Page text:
With the seventh edition of “Poetry with Prakriti” concluding today, Apoorva Sripathi and Susanna Myrtle Lazarus take a look at how youngsters are taking to poetry and where it is headed…
In the seventh edition of Poetry with Prakriti was underway in Chennai, what was surprising was the large number of youngsters and college students who turned up for the readings. “Poetry has crossed barriers of age. More youth are looking for a way to express their thoughts through poetry,” says Meera Krishnan, coordinator of Prakriti Foundation.
Not just words
There seem to be several reasons for this trend. One might be a surge in the number of creative writing courses available to students and more importance being given to arts in education. “Poetry, like all forms of art, comes from one mysterious place inside and to be able to communicate properly, we use craft. The second part can be learned, while the first needs to be developed by self,” says Smita Sahay, a young poet. She adds that there are a good number of young poets in India and it’s because Indians are becoming aware of what they should do for society. “As India is growing slowly so is Indian writing. With all the exposure, we are certainly aware of what we want to do,” explains Smita. It’s not just about nature or relationships that they want to write about, says Rangeet Mitra, adding that political, societal and cultural norms dictate what they are allowed to share. “We want to be heard through poetry. It is also a way in which we [poets] want to reply to society. We’re in the middle of a male-dominated society and poetry is one way of breaking against it,” says the poet who writes on gender issues.
Rupali Kaluram Jadhav believes that poetry readings bring in a lot of those searching for answers. “Many do write poetry, but they do not have the right platform to share it on. They also have a lot of questions about politics and social mores that are not answered anywhere. They come to poetry for an answer, to find a way of understanding,” she says.
However, writing poetry isn’t going to change the world, says Rupali. “You have to act upon what you feel. If you feel strongly on an issue, it’s all very well to write about it, but it is field work that matters. It will really change your perspective and impact the way you write.”
Ankur Betageri: Growing up in a literary family, writing came naturally to Ankur Betageri. “I started writing as early as 12 and published my first collection of poems at the age of 16,” he says. “It’s hard to pick a theme or to write poems on a particular subject, but whatever I write on I give it a structure.” Poetry is not just an art form, according to Ankur. “It’s also about voicing against injustice and it’s something a poet can do most effectively.” Ankur believes poets like artists cannot be part of the mainstream society. “Like Banksy, poets have to be invisible from the society, yet identify important issues.”
Smita Sahay: The first time Smita Sahay remembers writing a poem was in Std I, recalling that she used to love poetry lessons in school. “It used to be about rabbit and fairies,” she laughs. “I usually write about people, places, emotions and I’m currently working on an anthology of poems that addresses the issues of women, with Dr Charles Fishman,” she says.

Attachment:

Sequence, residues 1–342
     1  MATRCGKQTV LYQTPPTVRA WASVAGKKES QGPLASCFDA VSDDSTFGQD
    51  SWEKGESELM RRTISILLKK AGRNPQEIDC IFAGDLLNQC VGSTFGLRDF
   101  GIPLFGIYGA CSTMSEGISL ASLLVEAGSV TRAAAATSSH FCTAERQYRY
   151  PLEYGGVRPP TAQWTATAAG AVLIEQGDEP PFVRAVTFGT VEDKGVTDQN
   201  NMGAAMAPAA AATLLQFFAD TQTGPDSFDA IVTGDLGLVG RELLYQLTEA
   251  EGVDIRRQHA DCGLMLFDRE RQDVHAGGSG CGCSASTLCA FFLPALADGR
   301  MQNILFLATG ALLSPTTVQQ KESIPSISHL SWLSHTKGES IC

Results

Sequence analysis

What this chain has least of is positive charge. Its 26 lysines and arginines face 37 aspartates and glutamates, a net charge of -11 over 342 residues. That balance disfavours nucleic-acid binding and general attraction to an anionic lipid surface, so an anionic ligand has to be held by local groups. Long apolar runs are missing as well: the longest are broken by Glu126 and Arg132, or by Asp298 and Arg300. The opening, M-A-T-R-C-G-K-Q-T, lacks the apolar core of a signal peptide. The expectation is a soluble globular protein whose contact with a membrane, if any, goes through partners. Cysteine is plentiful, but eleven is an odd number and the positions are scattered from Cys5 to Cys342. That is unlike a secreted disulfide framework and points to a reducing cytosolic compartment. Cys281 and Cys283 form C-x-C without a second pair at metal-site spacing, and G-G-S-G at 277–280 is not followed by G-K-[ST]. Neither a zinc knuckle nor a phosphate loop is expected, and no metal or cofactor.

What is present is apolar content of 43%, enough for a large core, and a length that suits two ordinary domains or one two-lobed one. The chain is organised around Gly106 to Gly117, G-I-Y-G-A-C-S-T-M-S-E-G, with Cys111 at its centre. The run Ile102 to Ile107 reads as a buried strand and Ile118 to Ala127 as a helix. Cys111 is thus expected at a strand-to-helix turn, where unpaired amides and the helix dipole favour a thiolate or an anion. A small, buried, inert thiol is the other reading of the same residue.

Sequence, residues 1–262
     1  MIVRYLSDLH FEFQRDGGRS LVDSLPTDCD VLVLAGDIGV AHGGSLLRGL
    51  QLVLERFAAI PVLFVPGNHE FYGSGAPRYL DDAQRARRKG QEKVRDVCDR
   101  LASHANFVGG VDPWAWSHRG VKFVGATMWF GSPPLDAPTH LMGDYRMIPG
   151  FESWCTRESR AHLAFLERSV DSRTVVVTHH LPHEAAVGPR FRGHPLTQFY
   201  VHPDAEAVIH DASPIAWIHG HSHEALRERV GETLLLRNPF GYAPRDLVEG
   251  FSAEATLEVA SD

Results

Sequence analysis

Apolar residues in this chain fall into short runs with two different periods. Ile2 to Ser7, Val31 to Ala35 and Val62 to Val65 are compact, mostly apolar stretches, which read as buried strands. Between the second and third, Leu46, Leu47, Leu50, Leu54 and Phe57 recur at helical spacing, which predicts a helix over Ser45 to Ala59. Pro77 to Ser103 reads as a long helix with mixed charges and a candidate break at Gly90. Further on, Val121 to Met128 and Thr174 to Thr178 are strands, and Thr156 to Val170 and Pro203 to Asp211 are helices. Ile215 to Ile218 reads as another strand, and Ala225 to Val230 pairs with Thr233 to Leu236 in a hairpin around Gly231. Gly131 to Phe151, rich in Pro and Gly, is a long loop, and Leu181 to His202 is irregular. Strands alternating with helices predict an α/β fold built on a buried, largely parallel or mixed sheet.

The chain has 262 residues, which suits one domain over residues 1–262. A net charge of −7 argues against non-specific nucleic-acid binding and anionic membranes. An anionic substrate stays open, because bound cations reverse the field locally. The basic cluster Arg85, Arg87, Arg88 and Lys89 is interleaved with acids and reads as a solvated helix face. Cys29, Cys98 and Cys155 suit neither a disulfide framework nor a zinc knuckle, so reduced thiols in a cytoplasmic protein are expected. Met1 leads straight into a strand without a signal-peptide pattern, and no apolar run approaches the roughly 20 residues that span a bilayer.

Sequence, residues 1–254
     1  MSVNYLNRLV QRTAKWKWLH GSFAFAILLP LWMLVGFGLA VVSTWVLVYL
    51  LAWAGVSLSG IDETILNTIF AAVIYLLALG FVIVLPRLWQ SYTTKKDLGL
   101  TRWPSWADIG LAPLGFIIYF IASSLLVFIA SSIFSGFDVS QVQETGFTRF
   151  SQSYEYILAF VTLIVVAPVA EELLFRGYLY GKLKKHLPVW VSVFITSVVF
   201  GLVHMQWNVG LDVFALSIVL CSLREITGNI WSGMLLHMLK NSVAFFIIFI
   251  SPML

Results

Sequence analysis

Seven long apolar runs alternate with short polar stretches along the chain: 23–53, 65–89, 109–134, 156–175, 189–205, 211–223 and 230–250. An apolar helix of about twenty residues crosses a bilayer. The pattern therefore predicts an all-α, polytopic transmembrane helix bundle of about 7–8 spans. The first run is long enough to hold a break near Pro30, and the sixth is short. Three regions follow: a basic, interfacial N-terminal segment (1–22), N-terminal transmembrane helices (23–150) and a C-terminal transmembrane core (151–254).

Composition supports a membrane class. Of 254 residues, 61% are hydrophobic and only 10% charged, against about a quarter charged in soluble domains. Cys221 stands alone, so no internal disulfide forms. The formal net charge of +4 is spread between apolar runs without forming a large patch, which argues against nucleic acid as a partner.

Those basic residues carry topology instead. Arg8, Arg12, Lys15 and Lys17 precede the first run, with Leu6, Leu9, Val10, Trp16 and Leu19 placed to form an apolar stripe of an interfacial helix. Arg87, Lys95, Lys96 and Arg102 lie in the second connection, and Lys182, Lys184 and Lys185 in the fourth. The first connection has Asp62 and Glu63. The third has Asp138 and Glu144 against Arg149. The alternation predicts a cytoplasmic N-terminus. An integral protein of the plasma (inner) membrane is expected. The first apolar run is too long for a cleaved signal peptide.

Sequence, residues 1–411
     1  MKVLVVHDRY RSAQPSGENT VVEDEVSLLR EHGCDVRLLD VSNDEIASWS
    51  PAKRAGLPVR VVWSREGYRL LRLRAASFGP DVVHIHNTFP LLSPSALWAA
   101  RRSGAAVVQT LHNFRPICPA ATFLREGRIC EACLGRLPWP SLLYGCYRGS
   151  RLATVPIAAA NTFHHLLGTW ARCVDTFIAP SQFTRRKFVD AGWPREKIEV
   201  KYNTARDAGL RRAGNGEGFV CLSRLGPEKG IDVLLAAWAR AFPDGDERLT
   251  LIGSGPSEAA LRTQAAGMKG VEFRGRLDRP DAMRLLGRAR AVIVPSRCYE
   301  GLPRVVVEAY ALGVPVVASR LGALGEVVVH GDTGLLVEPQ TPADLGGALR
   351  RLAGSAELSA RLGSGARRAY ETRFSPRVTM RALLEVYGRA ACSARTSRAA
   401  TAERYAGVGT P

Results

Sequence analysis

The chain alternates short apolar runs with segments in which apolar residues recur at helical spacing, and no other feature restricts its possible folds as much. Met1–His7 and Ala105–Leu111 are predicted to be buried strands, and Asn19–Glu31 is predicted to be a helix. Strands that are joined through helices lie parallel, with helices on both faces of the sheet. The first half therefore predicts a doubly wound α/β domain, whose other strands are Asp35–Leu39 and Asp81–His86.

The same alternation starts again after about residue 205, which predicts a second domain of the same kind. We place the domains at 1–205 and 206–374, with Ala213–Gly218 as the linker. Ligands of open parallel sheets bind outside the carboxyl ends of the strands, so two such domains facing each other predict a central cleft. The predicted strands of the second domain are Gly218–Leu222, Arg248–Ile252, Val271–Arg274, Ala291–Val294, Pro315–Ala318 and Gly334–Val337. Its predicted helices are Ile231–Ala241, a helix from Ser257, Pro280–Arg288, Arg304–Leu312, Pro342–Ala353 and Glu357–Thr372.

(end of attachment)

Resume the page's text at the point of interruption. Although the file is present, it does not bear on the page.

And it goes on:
In 2009, inspired by poet Priya Sarukkai Chabria, Smita started writing poetry seriously being influenced by what went around her. “It’s all about how I respond to things or rather my internal response to external stimuli. A freelance writer, Smita says poetry, like all forms of art, comes from “one mysterious place inside”.
Rangeet Mitra: “Poetry is my life, it is in fact everything,” he exclaims. Rangeet Mitra, a 28-year-old poet and currently a student of shoe design at FDDI, finds the city of Kolkata has a deep effect on him and his poetry. Rangeet started writing poetry in the year 2000 (calling himself part of the ’00 generation of poets) focusing on women empowerment.
Now, Rangeet focuses on writing about “the shopping mall and multiplexes culture” that prevails in Kolkata. “I protest against it by writing about it; I express my politics through my poetry,” he says matter-of-factly, adding that he wants to change the male-dominated society and break the so-called Americanisation of it.
Rupali Kaluram Jadhav: Twenty-eight-year-old Rupali was always irked by the fact that she had to do household chores while her brother was exempt from such duties. “I guess you can say I was gender-sensitive from a very young age,” she says with a laugh. That passion for gender issues is what fuels her poetry today. “Where I’m from, women aren’t allowed to study. I began working part-time while in class X. I even worked in Chennai with an NGO for a couple of years, then moved back to Pune, but everywhere I see the same imbalance. Poetry helps me put down what I feel about these issues in a clear manner; that’s why I write,” she says.
Dhawla Kama Dhengle: Originally from a tribal village 100 kma away from Pune in Maharashtra, Dhawla writes about malnutrition, corruption, gender issues, farmer suicides, slum life and tribal issues. “This is what I have seen in my life. Even when I moved to the city from the village, I found similar problems plaguing the people,” he says. Dhawla was employed by the Corporation of Pune, but is on suspension due to problems caused by his poetry. “I only express the truth of what I experience. This has not gone down well with those in power. That’s the effect words can have,” he says, adding that imprisonment or getting beaten hasn’t deterred him from poetry.